Twenty years later I consider how it has changed. But I realise, it is a country that I have never actually been to before. And I have a newly developed country to explore.
I should add, I am no longer a teen and have developed an appreciation for churches and historical monuments that I did not care for in the past. The Aleksander Nevski Cathedral is one of the most beautiful and glorious churches of The Balkans. It is comparable in majesty to other Eastern European iconic churches.
The bright lights, the cosmopolitan shopping, the cafe culture, the fine dining and the historic buildings, Sofia has many attractions to offer the tourist. It is a laid-back city that is perfect for a weekend European getaway at only a small percentage of the price of other European countries.
With an efficient transport system & adequate English spoken by locals, Bulgaria is a safe and effortless place to travel.
I found myself surprised that I had such a fantastic weekend. I had wished I had stayed for more than 3 days. At least to have enough time to explore the many beautiful parks scattered across the city.
I read in my latest Lonely Planet Bulgaria that there is a skate park where Youth gather. So, I went to that park to reclaim my youth and to look for the visionaries of the future. But hark, since it’s winter, they were not there. Perhaps indoors playing PlayStation and Snapchatting.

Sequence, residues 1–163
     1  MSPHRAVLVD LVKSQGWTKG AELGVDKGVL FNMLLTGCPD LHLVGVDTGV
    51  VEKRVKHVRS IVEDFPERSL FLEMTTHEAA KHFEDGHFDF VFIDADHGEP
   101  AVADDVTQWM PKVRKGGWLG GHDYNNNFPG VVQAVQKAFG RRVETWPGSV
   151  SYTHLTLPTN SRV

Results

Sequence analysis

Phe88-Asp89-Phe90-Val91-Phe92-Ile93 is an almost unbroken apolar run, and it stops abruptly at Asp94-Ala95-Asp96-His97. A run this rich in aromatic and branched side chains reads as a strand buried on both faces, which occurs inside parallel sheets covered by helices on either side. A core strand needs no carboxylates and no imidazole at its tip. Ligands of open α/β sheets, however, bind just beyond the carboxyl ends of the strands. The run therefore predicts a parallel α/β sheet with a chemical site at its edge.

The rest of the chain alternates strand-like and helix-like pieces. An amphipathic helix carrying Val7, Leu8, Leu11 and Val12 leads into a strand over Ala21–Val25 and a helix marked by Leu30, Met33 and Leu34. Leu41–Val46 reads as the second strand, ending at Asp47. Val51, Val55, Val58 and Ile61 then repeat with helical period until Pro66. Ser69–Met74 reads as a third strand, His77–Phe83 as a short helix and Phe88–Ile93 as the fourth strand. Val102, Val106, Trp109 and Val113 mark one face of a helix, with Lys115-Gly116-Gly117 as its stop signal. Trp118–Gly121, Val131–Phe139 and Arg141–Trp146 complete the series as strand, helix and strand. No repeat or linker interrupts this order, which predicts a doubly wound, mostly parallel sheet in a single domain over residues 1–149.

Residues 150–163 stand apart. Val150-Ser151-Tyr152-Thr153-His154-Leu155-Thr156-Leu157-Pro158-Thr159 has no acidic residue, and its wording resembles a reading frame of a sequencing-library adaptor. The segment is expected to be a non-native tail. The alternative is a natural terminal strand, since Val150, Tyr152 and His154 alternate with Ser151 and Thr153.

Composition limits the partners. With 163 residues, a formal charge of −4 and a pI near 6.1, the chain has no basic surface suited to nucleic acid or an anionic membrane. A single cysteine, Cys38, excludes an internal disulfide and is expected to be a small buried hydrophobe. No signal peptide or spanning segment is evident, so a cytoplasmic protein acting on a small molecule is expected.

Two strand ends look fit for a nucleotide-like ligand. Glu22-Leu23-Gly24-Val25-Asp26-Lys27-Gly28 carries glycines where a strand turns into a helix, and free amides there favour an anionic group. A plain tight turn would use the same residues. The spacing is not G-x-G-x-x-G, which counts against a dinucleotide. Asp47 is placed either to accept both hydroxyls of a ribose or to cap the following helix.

Don’t Miss these Top things to do in Bulgaria –
Spend a few hours exploring the Parks and gardens.
Borisova gradina is the oldest park in Sofia. There are many impressive statues as a memorial to the past.
Visit the Vitosha Boulevard.
There’s a buzz on the Boulevard, and well-dressed Bulgarians are out shopping, dining and enjoying the nightlife in the city centre. There are quality cafes and restaurants with outdoor seating. And, on nearby streets, there are bars and clubs to dance away the night. Prices for food and drinks are very cheap too.
See the Church of St. George.
With its detailed medieval frescoes, this 4th-century redbrick rotunda is one of the most alluring buildings in Eastern Europe.
Marvel at the Sofia Ancient Serdica Archaeological Complex.
It’s extraordinary that these Roman ruins were only discovered in 2004 while excavating to build a new hotel. They have now been preserved and incorporated into the hotel where old meets new.
Visit churches, cathedrals and mosques.
Aleksander Nevski Cathedral is one of the worlds largest Eastern Orthodox cathedrals. It is the most impressive building in all of Bulgaria.
If I had more time:-
I would take a day trip to the stunning UNESCO World Heritage-listed site – Rila monastery.-Tourista Sister
I would take the Free city tour and see 35 attractions in two hours.
I would indulge in the plethora of mineral springs in the surrounding countryside.
I would visit the many compelling art galleries and museums scattered across the city.
Editor’s Note –
This is the first story of a 3 part series on Bulgaria.
Stayed tuned in the next few weeks for-
Veliko Tarnovo, Ruins, Feasting & Winter Snow.